In 1999, Hong Kong director Oxide Pang Chun created a Thai film named Bangkok Dangerous, about a deaf-mute assassin who realizes the consequences of his actions during a big hit. Ten years later, Chun decided to remake his own picture, albeit with a watered-down plot and a rather undeserving big-name Hollywood story. Face it: you know you're in trouble when a director proves he is so unoriginal that he is willing to remake his own movie.
Then again, one can hardly blame him. Hollywood has a knack for taking perfectly good foreign films, stripping them down to their core, removing their soul and throwing a few bucks at them in efforts to trick audiences into seeing what they think is a fresh creation. Bangkok Dangerous was his puppy, so why leave it to some other director to mess it up when Chun can do it so effectively himself. Mess it up, that is.
In this new 2008 version, which flopped with a total of $15 million in box office receipts against a reported $40 budget, Nicolas Cage stars as a friendless assassin who is drawn to Bangkok to knock off a variety of people. He hires a rather naive young man to assist him, falls in love with a deaf-mute woman and goes around killing some people. The actual plot is unimportant and way too dull to mention here, and in fact that statement trends throughout all realms of the picture.
Cage is once again bland, showing that he prefers to play the same old character (this time with a bad wig) rather than do something innovative. He's proved that he can act when truly forced to, but in the other 90% of his films in the 21st century, he opts for money over quality. Then again, his performance may just be a reaction to the picture itself, which he had to know was going to be a crapfest from the beginning. The story - if you can call it that - is uninteresting, the characters underdeveloped and pathetically dull. Encompassed by weak direction, Bangkok Dangerous spends most of its time firing blanks.
I haven't seen the 1999 original, but I have to imagine it was better than this snoozer. There are some action scenes, but Bangkok Dangerous is a pretty boring action movie.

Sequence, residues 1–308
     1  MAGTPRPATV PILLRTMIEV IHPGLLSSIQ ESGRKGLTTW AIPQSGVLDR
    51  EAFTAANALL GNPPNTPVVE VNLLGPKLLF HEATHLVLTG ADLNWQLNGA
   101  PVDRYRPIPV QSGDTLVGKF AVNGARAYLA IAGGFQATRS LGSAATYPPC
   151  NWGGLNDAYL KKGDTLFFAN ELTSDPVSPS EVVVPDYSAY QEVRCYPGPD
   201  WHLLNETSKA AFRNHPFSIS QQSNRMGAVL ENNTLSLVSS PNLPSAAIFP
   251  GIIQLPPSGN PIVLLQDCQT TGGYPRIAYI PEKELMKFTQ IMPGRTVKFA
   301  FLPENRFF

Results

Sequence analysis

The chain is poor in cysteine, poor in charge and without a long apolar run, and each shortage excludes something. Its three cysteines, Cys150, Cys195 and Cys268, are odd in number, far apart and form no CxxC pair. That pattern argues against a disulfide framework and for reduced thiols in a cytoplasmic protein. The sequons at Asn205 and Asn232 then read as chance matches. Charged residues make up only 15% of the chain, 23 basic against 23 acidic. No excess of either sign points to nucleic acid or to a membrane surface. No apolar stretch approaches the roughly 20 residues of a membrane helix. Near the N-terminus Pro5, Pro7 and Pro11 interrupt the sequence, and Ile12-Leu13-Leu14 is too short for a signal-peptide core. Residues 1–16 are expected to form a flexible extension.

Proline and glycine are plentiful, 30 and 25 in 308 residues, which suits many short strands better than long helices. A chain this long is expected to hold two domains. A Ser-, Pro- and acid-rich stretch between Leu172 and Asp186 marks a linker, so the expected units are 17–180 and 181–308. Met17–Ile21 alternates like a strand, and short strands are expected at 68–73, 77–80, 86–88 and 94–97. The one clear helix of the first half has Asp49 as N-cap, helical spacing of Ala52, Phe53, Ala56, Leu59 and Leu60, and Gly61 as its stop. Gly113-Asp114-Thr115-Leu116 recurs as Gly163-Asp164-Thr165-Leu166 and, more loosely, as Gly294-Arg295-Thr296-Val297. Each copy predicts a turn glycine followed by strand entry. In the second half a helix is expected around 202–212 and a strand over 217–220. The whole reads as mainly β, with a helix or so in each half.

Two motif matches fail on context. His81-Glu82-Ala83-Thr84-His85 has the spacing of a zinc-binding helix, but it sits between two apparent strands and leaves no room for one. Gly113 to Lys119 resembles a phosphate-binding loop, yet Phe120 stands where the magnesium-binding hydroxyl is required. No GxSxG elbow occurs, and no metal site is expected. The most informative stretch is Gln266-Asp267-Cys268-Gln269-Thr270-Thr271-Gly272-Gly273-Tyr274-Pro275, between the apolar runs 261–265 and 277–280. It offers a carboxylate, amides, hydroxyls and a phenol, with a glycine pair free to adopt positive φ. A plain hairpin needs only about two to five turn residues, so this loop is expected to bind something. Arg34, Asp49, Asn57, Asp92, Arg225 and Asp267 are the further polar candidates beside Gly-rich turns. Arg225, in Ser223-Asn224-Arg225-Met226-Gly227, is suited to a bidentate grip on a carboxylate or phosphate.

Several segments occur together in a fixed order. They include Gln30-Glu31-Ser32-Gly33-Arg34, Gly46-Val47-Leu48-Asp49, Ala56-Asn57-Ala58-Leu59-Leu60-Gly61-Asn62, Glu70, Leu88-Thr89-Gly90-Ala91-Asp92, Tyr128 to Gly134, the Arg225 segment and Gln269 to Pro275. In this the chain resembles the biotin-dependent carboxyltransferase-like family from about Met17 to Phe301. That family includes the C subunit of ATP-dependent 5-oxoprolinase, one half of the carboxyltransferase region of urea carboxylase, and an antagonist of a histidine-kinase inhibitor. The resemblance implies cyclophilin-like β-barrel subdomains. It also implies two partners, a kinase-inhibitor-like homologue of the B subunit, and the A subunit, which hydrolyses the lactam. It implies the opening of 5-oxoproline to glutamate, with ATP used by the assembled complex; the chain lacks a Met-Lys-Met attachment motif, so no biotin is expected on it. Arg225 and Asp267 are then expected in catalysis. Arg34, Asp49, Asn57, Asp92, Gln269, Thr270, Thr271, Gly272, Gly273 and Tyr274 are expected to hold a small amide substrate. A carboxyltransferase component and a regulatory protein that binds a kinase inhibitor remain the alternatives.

Review by Robert Bell (C)
With a dash of unnecessarily gratuitous violence, a sprinkle of overt misogyny and a veritable cornucopia of unintentionally amusing character traits, Bangkok Dangerous is in no danger of garnering any Oscar nominations, which for the most part appears to suit it just fine. Despite playing it straight - which makes it that much more amusing - the film seems to be at least a little bit aware of its own ineptitude and desire to cater to the lowest common denominator, which includes guns, tits and severed limbs.
While on a routine assassination mission in Thailand, Joe (Nicolas Cage) reflects on the isolationist nature of contractual killing and whines a bit about how hard it is to make friends while brutally murdering various baddies. To help him out with his somewhat convoluted assignment, Joe enlists the help of a street criminal named Kong (Shahkrit Yamnarm), who picks up suitcases from high-class hooker Aom (Panward Hemmanee).
In between routine slaughters and heroin injections, Joe makes a visit to the local pharmacy to get some Bactine for a miscellaneous gash and meets the demure, sexless and conveniently mute Fon (Charlie Yeung), an inhuman male fantasy who giggles a lot. Inevitable he starts up a flirtation with the young woman that hits a wall when he blows someone’s brains out all over her cream coloured jacket.
Teenage boys will surely find a great deal of pleasure in the many profane utterances and bullet-ridden chase sequences throughout, as will a certain selection of grown men (business in the front; party in the back). This movie was made for that demographic and they will likely complain only about the first lethargically directed hour before the titties flop out and the blood starts flowing.Regardless of maturity or let’s face it - competence, Bangkok Dangerous treads along at a decent clip and can be perceived as entertaining by a variety of different kinds of people for a variety of different reasons.
Review by Erik Samdahl unless otherwise indicated.
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